Telling someone else’s story

Last week I’d started drafting page 74 of Satin and Tat, and this week I’m about four fifths of the way through finishing it.

Not very fast progress, but my excuse is that we’ve got a new kitten – kitten! – and my time has been spent fishing her out of plant pots and saving her from jumping on the cooker. And the teen daughter is starting college, requiring a bit of admin and a bit of moral support. So there’s lots going on, and moreover page 74 is a boring one with lots of tiny details.

I need to figure out a better way of drawing small things: in this case, a specific panel (not the one I’m showing here, but even more crowded) set in a school corridor, seen from quite a distance and full of small figures. I know it’s a matter of elegantly placing blocks of colour and not worrying too much about the detail, but apparently that doesn’t mean I actually do that.

Still, it’s just one page and when I’ve got through this I can move back onto the scenes featuring Alex, thrilling and slightly-older punk rocker, and much more fun to draw than a bunch of girls in school uniforms.

As a side note – it’s interesting/terrifying to see how much the colours differ when I view this page in Affinity Photo on my laptop and in Photoshop Elements on my desktop. Really hope it doesn’t look too lurid on your machine.

An interesting question came up in the chat side bar at the Graphic Medicine conference: not just for me, but for all the artists whose work is based on true stories about other people. How do you reconcile the fact that you’re telling someone else’s story with their right to privacy?

It’s certainly true that Satin and Tat revolves around the suicide of a character based on a real person, and that person still has surviving family and friends in the real world. Of course, it’s something I’ve thought about a lot: should I contact those people before the book is finished, to let them at least know about it? That’s always assuming I could find them: we haven’t kept in touch.

My main thought here is that although real life events were the seed of the story, it has become something else, something at least half fictional. The main character is based on my own experiences, thoughts and feelings, and like me, she was a goth in the 80s and she lived in Devon; like me, she rode a bike and dressed in jumble sale clothes, and then she grew up and got married and had one child and worried too much about what people thought of her.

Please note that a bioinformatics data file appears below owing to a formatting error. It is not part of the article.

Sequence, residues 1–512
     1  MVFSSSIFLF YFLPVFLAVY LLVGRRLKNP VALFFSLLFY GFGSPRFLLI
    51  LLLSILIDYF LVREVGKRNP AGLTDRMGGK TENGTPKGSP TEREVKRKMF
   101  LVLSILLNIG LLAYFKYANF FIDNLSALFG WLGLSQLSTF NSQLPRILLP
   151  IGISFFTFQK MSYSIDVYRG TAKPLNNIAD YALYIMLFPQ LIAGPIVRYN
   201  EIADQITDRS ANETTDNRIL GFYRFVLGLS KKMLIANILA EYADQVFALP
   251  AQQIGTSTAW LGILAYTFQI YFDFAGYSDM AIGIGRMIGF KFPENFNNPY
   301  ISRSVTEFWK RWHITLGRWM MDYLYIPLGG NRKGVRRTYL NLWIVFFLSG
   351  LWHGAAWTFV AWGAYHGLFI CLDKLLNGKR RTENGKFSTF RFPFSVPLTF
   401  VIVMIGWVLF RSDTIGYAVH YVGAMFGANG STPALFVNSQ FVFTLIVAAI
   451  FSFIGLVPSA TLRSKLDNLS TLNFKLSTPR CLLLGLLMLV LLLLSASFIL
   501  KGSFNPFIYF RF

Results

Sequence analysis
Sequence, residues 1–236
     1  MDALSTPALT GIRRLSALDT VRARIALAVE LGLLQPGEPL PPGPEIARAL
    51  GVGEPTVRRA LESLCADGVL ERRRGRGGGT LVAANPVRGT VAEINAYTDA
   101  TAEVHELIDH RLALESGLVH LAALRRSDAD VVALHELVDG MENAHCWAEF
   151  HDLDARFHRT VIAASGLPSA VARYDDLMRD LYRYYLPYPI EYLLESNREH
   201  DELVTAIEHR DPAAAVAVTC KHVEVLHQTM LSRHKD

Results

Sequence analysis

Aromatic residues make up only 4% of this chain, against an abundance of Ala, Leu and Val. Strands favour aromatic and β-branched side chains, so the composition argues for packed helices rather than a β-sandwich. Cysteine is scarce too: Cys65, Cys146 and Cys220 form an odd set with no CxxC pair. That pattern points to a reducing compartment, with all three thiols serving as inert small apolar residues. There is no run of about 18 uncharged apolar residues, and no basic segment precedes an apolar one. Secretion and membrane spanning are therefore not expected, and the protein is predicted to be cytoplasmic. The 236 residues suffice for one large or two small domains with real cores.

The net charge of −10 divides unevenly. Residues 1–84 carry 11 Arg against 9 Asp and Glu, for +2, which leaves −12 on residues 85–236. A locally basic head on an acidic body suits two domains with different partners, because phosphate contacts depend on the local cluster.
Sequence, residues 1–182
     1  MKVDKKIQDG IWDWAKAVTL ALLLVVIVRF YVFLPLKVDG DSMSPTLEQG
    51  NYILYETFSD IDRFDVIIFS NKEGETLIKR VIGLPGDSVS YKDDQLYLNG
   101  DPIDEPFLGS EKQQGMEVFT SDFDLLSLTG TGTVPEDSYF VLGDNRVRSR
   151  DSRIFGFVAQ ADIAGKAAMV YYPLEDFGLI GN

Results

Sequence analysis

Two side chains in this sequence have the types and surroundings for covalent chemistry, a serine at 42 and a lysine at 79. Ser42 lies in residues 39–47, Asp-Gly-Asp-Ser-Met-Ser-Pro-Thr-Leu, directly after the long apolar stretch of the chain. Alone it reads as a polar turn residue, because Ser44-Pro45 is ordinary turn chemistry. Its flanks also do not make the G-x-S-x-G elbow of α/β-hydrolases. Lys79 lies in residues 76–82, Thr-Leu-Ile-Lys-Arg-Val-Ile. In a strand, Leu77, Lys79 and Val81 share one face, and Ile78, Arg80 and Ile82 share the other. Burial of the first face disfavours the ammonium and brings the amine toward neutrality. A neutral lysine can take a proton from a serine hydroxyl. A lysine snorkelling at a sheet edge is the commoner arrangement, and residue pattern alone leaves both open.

But she’s also a theatre director, with shorter hair and a much better jawline than me. She lives in a posh converted house in London, with a swanky kitchen (the sort I’d like, but can’t afford); and her husband wears sweatpants, something that’s definitively not true, and will never be true, of my own spouse. He’s obsessively into an obscure band (that doesn’t exist in the real world), called Marshall’s Trousers.

Ella’s teenage friends are based on a conglomeration of people I knew back then, plus a bit of the essence of being an eighties Devonshire goth. Alex’s housemates are generic art school kids. A crucial part of the story is made more dramatic by an event that didn’t really happen.

I guess this is true of most fiction or semi-fictionalised work. It comes down to the fact that you’re attempting to convey your experiences and feelings rather than any truths about specific individuals. It’s not a particularly new train of thought, but it feels like one that it was worth working through.

2 comments

  1. “He’s obsessively into an obscure band (that doesn’t exist in the real world), called Marshall’s Trousers.”

    I love details like that. And I particularly love that detail!

    I so look forward to reading the whole thing all in one fell swoop.

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